An ‘amazing public servant’: Retired hilltown lawmaker Steve Kulik dies at 72

  • Former state Rep. John Scibak, D-South Hadley, left, and Rep. Stephen Kulik, D-Worthington, walk in the 32nd annual Pulaski Day parade in 2018 in Northampton. Kulik, 72, died Sunday after an extended illness at his Worthington home. FILE PHOTO

  • State Rep. Stephen Kulik waves as he walks in the 71st annual Chesterfield Parade, Wednesday, July 4, 2018, in Chesterfield.  FILE PHOTO

  • State Rep. Stephen Kulik, D-Worthington, left, and former state Rep. John Scibak, D-South Hadley, place a wreath by the Pulaski memorial during the 32nd annual Pulaski Day celebration in 2018 in Northampton. Kulik, 72, died Sunday after an extended illness at his Worthington home. FILE PHOTO

  • State Rep. Stephen Kulik, D-Worthington, at the Williamsburg Town Hall, Dec. 12, 2018. FILE PHOTO


  • State Rep. Stephen Kulik, D-Worthington, at the Meekins Library in Williamsburg in 2018. Kulik, 72, died Sunday after an extended illness at his Worthington home. FILE PHOTO

Staff Writer
Published: 12/19/2022 9:10:12 PM

WORTHINGTON — Over his more than 25 years serving in the state Legislature, Stephen Kulik showed dedication to the needs and interests of those in the region’s rural communities, defining the term public servant.

“Steve taught us by example what it means to be a true public servant,” said Natalie Blais, his successor in the 1st Franklin District, which covers about 20 rural towns across Hampshire and Franklin counties.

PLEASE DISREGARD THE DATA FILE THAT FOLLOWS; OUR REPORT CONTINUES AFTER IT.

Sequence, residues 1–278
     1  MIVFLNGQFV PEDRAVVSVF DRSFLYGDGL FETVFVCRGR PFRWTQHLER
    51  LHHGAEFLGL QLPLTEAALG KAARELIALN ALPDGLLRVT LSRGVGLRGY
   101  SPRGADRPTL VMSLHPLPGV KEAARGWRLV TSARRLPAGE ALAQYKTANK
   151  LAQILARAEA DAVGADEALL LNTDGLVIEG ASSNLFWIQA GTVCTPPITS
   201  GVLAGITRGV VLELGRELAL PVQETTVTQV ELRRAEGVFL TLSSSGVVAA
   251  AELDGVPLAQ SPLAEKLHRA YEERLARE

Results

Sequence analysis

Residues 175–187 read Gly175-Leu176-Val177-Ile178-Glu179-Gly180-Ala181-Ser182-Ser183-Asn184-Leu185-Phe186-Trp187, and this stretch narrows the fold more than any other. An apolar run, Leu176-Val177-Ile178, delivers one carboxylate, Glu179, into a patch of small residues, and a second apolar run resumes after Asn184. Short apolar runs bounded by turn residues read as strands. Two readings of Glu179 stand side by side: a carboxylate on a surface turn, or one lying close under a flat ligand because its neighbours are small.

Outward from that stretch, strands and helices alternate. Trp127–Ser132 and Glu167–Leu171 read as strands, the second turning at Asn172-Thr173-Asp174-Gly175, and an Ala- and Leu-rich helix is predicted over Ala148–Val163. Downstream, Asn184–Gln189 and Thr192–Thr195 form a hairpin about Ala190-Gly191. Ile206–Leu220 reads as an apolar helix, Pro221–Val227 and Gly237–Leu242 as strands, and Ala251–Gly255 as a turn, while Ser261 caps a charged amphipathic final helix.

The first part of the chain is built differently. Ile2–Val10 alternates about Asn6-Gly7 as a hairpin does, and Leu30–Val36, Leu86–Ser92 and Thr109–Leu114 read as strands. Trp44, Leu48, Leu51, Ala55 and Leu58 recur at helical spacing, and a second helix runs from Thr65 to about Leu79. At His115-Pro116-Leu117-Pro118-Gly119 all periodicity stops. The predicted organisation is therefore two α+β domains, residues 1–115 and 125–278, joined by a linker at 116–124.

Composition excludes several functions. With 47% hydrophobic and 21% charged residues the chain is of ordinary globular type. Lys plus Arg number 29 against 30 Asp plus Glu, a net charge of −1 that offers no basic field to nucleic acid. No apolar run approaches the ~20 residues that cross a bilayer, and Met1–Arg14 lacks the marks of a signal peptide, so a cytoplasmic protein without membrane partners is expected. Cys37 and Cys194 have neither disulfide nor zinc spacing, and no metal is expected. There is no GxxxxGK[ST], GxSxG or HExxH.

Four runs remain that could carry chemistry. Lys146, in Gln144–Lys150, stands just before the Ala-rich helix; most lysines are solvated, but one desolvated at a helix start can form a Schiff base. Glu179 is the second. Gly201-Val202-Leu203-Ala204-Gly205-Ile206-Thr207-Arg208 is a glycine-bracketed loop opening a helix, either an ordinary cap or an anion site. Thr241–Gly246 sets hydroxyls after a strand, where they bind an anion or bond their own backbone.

Kulik, 72, died Sunday after an extended illness at his Worthington home.

“Ask anyone in the district and State House about Steve and they will typically follow with a story about how he has helped them or touched their life in some way,” said Blais, D-Deerfield, who succeeded Kulik when he opted against running again in 2018. “It shows how many people he touched in his years as a state representative.”

A former colleague on Worthington’s Select Board, Julia Sharron, who served for 25 years on the board and was its first woman member, was among those who got to know Kulik.

“I found him always to be mild-mannered and he cared a lot about the community,” Sharron said, reflecting on Kulik’s tenure on the board from 1984 to 1993.

Whether it was riding out to Boston with other Worthington residents to appeal for school funding or getting plans to build a new firehouse, Kulik always got things done, she said.

“This will be a loss for the community,” Sharron said. “I am very saddened about it.”

Former state Senate President Stan Rosenberg said Kulik brought integrity, compassion and intelligence to his work in the Legislature. “Steve was an amazing public servant, and an even more amazing person,” Rosenberg said.

Kulik always kept his ego in check, never grandstanded and recognized the need to build coalitions, Rosenberg said.

“He was just so thoughtful, he did his homework, he understood the region and focused on the things most important to his constituents,” Rosenberg said.